Univ of Portsmouth Re-Opens Langstone Campus
At a Neighbourhood Forum meeting in Milton this month, University of Portsmouth Director of Estates and Campus Services, Tahir Ahmed outlined plans to bring nearly 250 student rooms back into use at their 'Langstone Village' campus at Milton Locks in the city in an attempt to ease the student housing crisis which sees students commuting to Portsmouth from as far as Leeds this year.
From 1962 when the then Queen Mother officially opened the site until the summer of 2018, the Langstone Campus site provided a home for many thousands of students and sports facilities for the whole university. However, times changed and when approval was obtained to demolish the older properties in 2019, the University stated, "The demolition site will surround the three-storey QEQM accommodation block and the student restaurant facilities. The buildings are beyond economical repair and there are concerns they will be used unlawfully. Access to the newer buildings, East, West and Trust, and Barnard Tower, will remain."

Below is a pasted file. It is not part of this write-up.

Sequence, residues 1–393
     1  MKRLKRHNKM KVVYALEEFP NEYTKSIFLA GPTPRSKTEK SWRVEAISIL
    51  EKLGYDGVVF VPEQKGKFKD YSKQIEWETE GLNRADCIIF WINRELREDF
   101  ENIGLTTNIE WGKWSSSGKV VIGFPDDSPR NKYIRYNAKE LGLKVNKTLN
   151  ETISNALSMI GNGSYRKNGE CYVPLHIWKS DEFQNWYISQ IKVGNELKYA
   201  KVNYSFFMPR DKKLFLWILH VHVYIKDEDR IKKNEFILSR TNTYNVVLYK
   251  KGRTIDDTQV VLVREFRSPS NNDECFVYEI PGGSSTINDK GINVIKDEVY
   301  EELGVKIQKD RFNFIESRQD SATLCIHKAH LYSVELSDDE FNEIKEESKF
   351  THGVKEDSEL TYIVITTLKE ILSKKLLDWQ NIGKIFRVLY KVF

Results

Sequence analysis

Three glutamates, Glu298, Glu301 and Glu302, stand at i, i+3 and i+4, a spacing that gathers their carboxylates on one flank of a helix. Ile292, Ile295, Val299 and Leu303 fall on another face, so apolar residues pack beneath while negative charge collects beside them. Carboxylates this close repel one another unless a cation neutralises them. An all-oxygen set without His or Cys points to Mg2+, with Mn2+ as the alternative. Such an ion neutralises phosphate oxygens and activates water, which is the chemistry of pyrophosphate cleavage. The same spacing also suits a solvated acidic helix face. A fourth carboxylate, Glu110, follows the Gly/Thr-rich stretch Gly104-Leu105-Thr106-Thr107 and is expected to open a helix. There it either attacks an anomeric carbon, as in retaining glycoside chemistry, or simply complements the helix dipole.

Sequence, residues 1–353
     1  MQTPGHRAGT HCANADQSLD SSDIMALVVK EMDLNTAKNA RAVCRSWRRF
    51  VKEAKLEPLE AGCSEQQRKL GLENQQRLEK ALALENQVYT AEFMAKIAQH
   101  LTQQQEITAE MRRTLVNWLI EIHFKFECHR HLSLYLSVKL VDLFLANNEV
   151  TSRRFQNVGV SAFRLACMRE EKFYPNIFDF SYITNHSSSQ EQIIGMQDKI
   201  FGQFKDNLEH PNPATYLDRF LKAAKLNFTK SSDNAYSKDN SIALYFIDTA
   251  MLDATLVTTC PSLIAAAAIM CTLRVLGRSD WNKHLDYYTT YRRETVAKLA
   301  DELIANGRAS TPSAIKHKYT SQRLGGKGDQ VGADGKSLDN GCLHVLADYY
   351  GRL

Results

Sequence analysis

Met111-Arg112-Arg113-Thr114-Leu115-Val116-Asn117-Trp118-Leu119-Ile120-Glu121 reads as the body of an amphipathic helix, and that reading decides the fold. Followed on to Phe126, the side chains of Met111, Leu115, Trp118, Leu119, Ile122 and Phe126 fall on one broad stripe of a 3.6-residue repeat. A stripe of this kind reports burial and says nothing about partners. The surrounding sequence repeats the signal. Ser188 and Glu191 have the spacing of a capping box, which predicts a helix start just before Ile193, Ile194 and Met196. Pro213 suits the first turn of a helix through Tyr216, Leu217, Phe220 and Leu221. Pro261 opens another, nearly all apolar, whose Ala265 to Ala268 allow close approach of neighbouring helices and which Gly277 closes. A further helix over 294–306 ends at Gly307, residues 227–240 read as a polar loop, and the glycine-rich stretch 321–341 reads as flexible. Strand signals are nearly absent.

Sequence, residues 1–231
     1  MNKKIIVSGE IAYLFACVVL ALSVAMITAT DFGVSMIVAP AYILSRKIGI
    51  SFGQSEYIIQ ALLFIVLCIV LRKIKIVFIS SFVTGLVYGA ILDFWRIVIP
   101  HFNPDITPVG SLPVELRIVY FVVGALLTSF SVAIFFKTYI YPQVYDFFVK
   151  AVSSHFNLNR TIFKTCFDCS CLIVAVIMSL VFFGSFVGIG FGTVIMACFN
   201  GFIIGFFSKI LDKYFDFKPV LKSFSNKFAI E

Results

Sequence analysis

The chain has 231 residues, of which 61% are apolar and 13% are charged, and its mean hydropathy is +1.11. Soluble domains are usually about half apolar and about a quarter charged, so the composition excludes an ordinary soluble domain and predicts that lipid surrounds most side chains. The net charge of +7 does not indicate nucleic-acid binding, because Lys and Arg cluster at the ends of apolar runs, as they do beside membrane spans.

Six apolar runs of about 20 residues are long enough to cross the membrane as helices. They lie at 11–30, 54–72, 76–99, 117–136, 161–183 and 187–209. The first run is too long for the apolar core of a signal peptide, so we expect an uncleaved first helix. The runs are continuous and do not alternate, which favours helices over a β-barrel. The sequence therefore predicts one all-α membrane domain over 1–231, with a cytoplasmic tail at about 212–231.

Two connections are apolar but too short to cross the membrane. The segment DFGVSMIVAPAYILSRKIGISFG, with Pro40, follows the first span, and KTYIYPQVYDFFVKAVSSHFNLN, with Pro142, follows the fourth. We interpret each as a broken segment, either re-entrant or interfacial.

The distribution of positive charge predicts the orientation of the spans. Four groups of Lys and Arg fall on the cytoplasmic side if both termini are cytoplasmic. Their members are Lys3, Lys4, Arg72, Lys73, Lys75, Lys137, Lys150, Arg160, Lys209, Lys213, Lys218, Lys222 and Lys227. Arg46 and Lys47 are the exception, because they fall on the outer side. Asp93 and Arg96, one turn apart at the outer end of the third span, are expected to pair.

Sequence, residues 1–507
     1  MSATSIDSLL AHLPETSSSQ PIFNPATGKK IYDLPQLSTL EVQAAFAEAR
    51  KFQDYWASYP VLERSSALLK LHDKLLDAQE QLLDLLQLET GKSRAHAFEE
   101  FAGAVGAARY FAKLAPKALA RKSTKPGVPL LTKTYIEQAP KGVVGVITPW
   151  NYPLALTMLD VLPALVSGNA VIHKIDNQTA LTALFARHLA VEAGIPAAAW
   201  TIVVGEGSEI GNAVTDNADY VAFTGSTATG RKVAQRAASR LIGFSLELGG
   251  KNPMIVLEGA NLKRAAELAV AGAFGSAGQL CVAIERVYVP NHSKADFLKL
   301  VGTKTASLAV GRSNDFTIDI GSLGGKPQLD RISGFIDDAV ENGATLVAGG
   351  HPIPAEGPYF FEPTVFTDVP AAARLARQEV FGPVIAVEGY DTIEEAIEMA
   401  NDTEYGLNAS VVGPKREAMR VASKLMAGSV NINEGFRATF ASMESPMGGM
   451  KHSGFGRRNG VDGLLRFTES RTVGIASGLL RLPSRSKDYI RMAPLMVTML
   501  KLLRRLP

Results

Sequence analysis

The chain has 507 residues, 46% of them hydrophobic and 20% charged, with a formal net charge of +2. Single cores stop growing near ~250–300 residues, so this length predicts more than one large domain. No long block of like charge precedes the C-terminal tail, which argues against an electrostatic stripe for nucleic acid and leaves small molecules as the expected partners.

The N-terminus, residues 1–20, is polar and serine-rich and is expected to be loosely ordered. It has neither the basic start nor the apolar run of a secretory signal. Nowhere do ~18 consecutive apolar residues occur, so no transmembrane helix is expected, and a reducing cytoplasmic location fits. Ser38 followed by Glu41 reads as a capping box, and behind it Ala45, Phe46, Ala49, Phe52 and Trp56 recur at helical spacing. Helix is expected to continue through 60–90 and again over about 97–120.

The university statement added: 'Student accommodation at Langstone campus closed on July 31, 2018 as students chose more popular and modern university halls and accommodation provided by external companies in the city centre and Southsea.' Another driver for the decision was that it allowed the University to remove the expensive to operate bus service between the Langstone Campus and the main city centre sites – however this benefit was immediately lost when small landlords highlighted the many students living in houses along the route who used the service, who would be looking for nearer accommodation should the service be removed.
As a result, the bus service was retained but instead of running a straight route between the sites, it was replaced by a looped route around Southsea – if introduced a decade earlier it could have resulted in a more even spread of student housing around the south of the city and less demonisation of student HMOs, however, by the time it was finally introduced, small landlords were already leaving the sector in droves because of the anti-landlord posture of the local council in response to the paranoia toward perceived densely packed student HMOs shown by local residents.